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JerryB: Impossible to tell if it is a Type I or Type II based on the photos you posted.  Look closely at the barrel suspension; is it part of the planchet (Type II) or is it soldered to the planchet (Type I).  Also check the suspension ring; is it open or soldered by silver solder (Type I) or is it very neatly attached and the same color as the remainder of the ring (Type II)?

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I'll try and take some better pics of the mount.  The ring appears to have a silver coloured solder/braze joining it together, but I cannot clearly see how the mount is joined to the edge.

I have 17 vm's in total, either parts of trios or pairs or split groups.

 

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JerryB:  You might want to compare your medal with the images I posted on page 3 of this topic which show the distinctions between a Type I and Type II VM.     Gunner 1

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  • 2 months later...

Not sure if anyone seen this mini bar that sold this weekend but thought I would share it here as it has a nice looking mini Vic along with a nice Russian St Anna Order, something you don't see everyday!!

Tim

Moderator: We need a separate mini-section here where we can combine all the mini singles and bars.

1.JPG

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Hello Lambert,

Yes, no kidding, how often do you see a bar with a Military Cross and Russian St Anna?

Had to be an officer (Captain or below) or Warrant Officer during WW1 and specifically for bravery as it was a gallantry type award.  The St Anna Order shown is for distinguished civil service (swords for military service), so maybe a guy that help Russia in some capacity?  One would think this bar could be traced back to a known recipient.

Great bar but I can only imagine the price had it been full size!

Tim

 

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Tim and Rob:  The DSO, OBE group was in my collection some time ago but I have since sold off all of the groups with orders and decorations.  It was awarded to Lt Col. Frederick William Richey, RGA/RFC and consists of the DSO (GV); OBE (Mil, Type 1); 1914-15 Star trio with MID; GSM clasp IRAQ; IGSM clasp WAZIRISTAN 1921-24; O St Anne w/swords, 3 Cl.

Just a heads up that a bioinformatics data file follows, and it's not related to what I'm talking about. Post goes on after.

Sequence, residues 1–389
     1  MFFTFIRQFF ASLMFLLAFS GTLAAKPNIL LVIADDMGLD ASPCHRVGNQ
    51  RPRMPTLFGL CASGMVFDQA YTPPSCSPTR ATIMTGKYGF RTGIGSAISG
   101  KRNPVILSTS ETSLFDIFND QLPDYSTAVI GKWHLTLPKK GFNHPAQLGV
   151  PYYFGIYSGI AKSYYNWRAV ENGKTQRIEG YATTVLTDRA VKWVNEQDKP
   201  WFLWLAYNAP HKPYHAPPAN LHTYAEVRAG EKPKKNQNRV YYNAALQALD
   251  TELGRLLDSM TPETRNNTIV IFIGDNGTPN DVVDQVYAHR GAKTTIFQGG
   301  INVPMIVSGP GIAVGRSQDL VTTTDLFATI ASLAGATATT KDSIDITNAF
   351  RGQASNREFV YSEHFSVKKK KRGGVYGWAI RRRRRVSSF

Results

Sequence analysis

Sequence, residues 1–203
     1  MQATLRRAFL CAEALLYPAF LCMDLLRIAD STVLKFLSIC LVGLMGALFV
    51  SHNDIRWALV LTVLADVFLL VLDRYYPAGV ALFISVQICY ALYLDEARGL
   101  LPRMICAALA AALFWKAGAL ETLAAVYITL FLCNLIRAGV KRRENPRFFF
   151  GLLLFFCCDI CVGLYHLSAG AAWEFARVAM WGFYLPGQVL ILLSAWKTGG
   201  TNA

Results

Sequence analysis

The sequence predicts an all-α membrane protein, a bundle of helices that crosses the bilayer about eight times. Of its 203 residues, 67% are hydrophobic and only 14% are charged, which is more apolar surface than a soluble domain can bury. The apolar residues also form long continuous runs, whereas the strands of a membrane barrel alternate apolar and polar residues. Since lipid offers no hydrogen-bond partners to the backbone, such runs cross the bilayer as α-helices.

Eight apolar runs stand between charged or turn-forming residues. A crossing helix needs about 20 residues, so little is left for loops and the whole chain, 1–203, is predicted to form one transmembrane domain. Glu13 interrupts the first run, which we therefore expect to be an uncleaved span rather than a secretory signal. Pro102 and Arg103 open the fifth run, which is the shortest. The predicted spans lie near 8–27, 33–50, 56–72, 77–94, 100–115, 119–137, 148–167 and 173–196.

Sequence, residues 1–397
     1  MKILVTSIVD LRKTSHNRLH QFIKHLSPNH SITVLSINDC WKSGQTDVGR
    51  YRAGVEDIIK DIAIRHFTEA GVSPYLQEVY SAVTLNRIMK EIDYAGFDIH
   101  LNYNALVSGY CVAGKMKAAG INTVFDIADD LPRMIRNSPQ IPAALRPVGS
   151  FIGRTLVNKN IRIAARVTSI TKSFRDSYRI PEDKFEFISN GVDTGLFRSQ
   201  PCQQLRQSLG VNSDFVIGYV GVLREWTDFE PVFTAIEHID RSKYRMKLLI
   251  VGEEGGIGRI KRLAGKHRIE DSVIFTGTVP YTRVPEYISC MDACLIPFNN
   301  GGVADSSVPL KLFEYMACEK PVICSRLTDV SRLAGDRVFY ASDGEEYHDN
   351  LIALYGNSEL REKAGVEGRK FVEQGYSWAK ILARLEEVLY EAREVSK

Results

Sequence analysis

Richey was born 21 August 1875, the son of Sir j. B. Richey, kcie and was educated at Harrow School and the Royal Military Academy, Woolwich.  He was commissioned a 2nd lieutenant on 15 June 1895 and went to India in December 1895 where he served with 22 Company, RGA in Rangoon.  He returned to England in August 1901 and served as adjutant, 4th Depot, North West Group, RGA at Seaforth Barracks, Liverpool until 1904. He then served with No. 3 Company, RGA in Bermuda  from October 1904 to September 1907;  as a captain in No. 76 Company, RGA in Karachi, India from March 1908 to 1910;  and with 27 Indian Moutain Battery in Bhamo, India from March 1908 to 1914.

At the beginning of the Great War he was battery captain of the 27 Indian Mountain Battery and went to East Africa with that battery in August 1914 as part of Indian Expeditionary Force “C”.

From 11 June 1915 until 23 January 1917 he served as a squadron commander and wing commander in the Royal Flying Corps.  During the

Somme operations in July 1916 he was officer commanding, 11th (Army) Wing, Second Brigade (20 and 29 Squadron) at Nieppe.  While with the RFC he was mentioned in despatches (26 April 1916) and awarded the Russian Order of St. Anne with swords.      

He returned to the Royal Artillery on 23 January 1917 and from 26 April 1917 to the end of the war he was officer commanding, 72nd Army Brigade, RFA.  For his service with this brigade he was awarded the Distinguished Service Order (3 June 1919) and was again mentioned in despatches (7July 1919).     

In 1920 he served with the RGA in Mesopotamia and Palestine and from 1921 to 1924 he was on the staff during the Waziristan campaign in Northwestern India.   For his services Richey was made an Officer of the Order of the British Empire “for valuable service rendered in the field in connexion with military operations in Waziristan, January 1922 to April 1923” and mentioned in despatches “for distinguished service during the operations in Waziristan , January 1922 to April 1923.”  He later lived in East Johnstone, South Molton, Devon.  Richey died on 4 March 1934.